One of my favorite NOLS instructors left our course with a short piece of wisdom- “Climb things that inspire you.”
This past weekend was dominated by a commitment to shuttle some friends to their put-in for a rafting trip on the Salmon River, and while I wasn’t able to convert the trip to Idaho into climbing anything big, I was able to exploit the opportunity for a little spontaneous adventure. My weekends this summer are filling fast, and none of my Missoula friends were free to get dragged into a 200 mile shuttle mission, so I found myself outside North Fork, Idaho yesterday morning with no plans, no partners, and staring at the continental divide.
I realized these were the Idaho side of some of the mountains that had caught my eye when I drove the Big Hole valley in June. Rarely do I find myself without a plan, but it felt fun to let the mountains inspire me, and the plans to follow. I didn’t have a map of the region, and hadn’t done any research, but honestly it didn’t matter. GoogleMaps on my phone got me to the base of an old jeep trail, and my feet took care of the rest. Sometimes not knowing where you are going takes you to places even better than what you might have planned for.
I left the car at 5,400′ with a light pack of bivy gear and and angst to get out. 4.5 hours later I had ticked two summits over 10,000′ and found the perfect bivy spot. Before I left, my loose plan was to tick as many summits as possible in 24 hours, but my fractured foot wasn’t up to it, and frankly I’m a little out of shape for all day scrambling. My goals shifted to simply play in the mountains until my body said stop.
I had a lot on my mind. My friend Andy left Missoula on Friday afternoon- the depth and strength of our friendship is unquestionable, but his departure left me with some loneliness in my heart.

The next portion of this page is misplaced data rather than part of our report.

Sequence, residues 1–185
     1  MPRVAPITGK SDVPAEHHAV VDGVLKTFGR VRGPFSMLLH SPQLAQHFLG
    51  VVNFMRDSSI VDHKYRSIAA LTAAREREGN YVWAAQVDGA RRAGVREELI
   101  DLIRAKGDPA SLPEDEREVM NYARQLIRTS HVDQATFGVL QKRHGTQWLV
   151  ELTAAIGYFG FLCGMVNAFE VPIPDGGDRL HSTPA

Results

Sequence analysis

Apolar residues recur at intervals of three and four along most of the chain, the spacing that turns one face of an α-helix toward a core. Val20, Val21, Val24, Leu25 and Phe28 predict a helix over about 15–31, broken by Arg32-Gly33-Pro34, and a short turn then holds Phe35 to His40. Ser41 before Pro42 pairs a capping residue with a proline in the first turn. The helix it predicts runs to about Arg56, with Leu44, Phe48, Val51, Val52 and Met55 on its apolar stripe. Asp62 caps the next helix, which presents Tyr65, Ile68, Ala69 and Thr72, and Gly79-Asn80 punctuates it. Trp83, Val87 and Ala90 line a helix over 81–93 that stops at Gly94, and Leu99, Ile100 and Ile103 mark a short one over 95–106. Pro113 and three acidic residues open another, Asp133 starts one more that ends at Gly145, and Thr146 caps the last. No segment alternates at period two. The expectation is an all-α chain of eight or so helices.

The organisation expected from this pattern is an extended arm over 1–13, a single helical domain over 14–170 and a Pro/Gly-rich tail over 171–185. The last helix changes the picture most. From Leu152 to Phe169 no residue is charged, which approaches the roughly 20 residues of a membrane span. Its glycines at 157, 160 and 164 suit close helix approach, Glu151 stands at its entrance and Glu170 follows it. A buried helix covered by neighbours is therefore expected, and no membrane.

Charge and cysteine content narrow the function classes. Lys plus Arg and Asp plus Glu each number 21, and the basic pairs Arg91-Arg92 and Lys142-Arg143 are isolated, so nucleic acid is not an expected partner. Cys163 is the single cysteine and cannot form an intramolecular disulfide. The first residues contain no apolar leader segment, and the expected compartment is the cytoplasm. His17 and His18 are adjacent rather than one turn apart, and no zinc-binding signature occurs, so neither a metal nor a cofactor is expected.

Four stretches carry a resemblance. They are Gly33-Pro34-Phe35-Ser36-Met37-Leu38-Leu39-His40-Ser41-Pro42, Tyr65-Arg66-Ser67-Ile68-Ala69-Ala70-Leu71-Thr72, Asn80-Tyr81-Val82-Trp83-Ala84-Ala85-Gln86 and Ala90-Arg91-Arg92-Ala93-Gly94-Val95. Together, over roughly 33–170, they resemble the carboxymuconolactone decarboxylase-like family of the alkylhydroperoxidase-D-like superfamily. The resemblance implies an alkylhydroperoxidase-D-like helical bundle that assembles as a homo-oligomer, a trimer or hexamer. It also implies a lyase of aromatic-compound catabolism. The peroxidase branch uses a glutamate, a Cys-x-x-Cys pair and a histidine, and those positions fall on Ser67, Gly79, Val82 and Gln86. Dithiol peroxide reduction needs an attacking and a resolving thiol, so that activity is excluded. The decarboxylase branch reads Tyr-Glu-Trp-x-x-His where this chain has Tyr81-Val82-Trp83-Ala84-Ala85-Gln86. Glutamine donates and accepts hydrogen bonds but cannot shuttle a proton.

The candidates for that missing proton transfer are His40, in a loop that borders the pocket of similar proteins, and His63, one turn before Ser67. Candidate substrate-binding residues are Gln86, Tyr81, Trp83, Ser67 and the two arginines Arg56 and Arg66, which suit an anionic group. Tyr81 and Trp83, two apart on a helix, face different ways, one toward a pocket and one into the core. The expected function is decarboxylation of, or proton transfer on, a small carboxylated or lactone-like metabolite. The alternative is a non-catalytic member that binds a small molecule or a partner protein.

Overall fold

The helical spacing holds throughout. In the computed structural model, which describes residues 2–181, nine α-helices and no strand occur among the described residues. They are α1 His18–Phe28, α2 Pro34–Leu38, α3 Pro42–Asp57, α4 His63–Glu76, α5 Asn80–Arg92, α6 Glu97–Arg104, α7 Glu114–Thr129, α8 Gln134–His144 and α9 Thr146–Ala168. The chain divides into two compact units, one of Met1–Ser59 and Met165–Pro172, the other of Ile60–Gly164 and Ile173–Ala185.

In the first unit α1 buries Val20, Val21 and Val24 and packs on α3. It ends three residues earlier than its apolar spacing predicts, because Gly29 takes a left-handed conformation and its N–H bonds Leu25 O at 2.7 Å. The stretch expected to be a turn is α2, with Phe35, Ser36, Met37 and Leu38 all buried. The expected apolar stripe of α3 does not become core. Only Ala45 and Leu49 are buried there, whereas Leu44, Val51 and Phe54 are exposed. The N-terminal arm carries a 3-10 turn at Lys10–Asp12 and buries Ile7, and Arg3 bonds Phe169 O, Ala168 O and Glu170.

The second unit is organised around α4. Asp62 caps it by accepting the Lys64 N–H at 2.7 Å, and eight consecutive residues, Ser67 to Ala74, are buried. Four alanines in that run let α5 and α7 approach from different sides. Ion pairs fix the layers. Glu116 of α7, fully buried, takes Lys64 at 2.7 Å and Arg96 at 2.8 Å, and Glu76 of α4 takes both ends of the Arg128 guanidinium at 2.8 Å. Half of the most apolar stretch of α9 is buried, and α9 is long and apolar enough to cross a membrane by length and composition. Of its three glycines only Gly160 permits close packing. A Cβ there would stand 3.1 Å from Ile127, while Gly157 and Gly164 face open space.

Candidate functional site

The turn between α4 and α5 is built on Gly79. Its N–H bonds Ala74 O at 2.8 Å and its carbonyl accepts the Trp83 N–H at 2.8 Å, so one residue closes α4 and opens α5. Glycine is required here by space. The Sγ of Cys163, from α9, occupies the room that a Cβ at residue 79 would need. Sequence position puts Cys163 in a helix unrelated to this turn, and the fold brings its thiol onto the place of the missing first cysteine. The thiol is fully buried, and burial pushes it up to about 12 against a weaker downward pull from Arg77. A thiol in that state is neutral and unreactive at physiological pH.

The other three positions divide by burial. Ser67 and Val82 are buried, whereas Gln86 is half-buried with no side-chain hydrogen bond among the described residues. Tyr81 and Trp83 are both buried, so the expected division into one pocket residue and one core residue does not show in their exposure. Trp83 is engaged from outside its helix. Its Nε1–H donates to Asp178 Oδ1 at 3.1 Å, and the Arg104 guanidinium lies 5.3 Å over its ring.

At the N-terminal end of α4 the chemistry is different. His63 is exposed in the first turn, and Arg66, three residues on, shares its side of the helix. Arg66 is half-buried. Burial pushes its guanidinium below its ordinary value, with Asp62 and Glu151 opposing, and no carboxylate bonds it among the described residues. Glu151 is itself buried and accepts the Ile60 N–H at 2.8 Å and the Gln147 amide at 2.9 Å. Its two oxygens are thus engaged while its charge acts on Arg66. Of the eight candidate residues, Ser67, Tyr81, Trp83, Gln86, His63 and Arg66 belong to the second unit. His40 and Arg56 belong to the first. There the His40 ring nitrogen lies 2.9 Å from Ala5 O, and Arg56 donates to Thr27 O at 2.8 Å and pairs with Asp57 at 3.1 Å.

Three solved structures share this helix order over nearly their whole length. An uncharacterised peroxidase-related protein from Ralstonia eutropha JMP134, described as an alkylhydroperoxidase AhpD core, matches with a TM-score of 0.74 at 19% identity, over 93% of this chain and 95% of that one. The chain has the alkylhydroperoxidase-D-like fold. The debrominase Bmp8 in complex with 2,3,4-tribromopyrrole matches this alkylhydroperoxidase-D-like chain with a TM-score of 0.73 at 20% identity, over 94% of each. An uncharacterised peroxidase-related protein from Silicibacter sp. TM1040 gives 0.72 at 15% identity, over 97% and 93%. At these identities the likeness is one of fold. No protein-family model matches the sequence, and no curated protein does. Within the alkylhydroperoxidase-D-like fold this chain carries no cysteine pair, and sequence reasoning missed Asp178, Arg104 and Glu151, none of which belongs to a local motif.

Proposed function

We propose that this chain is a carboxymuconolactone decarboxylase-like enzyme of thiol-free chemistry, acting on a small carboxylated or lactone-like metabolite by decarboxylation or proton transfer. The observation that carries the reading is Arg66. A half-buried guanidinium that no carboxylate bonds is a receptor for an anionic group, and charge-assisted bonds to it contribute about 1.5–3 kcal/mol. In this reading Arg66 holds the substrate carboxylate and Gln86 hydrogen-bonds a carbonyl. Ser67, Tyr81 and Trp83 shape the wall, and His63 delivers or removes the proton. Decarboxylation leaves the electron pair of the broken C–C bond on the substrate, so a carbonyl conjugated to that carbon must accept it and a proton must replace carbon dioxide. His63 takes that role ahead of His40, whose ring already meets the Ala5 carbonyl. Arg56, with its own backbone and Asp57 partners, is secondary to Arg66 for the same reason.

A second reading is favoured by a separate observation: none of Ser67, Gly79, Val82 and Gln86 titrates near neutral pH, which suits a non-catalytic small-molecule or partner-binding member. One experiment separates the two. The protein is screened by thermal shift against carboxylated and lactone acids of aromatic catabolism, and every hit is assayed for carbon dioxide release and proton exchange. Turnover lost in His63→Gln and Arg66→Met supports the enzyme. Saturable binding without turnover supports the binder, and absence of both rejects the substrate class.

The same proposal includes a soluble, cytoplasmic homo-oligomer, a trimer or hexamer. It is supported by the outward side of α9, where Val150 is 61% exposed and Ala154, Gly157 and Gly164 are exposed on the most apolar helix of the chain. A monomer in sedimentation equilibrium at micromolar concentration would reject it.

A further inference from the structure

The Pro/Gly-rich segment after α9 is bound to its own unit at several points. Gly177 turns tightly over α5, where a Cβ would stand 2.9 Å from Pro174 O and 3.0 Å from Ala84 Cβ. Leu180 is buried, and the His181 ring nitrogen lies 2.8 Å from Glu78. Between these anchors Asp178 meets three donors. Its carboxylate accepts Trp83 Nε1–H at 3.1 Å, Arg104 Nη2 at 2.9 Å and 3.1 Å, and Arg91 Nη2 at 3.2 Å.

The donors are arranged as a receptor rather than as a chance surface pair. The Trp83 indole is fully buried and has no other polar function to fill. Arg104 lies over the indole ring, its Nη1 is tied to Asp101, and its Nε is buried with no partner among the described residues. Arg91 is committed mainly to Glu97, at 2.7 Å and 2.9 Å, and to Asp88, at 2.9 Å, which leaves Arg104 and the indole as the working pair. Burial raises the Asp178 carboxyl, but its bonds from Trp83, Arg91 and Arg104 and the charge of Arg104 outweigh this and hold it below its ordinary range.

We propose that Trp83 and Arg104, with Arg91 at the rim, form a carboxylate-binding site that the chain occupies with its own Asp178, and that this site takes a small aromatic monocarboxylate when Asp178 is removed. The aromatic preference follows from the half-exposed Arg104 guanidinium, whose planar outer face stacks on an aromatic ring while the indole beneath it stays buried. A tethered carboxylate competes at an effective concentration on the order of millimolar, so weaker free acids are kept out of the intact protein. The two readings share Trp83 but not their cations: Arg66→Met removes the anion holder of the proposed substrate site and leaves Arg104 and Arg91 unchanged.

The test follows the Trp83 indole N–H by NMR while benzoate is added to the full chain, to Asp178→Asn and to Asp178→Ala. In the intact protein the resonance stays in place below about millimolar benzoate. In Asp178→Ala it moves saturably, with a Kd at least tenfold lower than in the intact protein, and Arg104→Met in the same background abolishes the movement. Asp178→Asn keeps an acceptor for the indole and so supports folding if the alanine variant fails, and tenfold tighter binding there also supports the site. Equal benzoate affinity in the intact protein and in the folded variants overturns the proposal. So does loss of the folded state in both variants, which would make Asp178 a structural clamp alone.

Work has been racing lately, and while the big picture remains fulfilling, the day to day responsibilities aren’t always pretty. I’m really not looking forward to this week at work, and making peace with how I’ve chosen to spend my time in Missoula requires regular maintenance.
Without a partner, I limited myself to easy scrambling and fast hiking- but the solitude also left me open to explore the loneliness and doubt. Strangely the peace I’ve normally found by pushing hard through beautiful wilderness remained illusive.
After summit number 2, I dug out my bivy gear high on the ridgeline, in prime position for an epic sunrise, and hopefully (unsuccessfully) away from the bugs . There, high on the ridgeline, I remembered how I felt traveling last year- the freedom, the solitude, the joy. I listened to one of my favorite pieces of music, “Entity” by Tim Reynolds, and the vision I have for my life snapped back into focus. Sleep came quickly, and sunrise was as perfect as expected.
Sleeping at altitude left me with a headache in the morning, and with my foot aching, I knew it was time to head for home. For whatever reason, the peace of the previous evening didn’t hold, but the vision I have for my life remained vivid. I enjoyed the hike down, and pushed out the drive home in time for a productive Sunday afternoon.
“Refuse to allow anything to impact the vision you hold for yourself, and the person you seek to become. Whether or not you feel that you are that person in this moment, your vision for who that is, is a real possession that you can find satisfaction in. If you don’t feel like you have a vision for yourself right now, try to create one- chances are it doesn’t include whatever it is that is bothering you. With that vision comes a plan for your life, and inner joy that is rooted in substance.”
A Picture of My Life- 4.22.08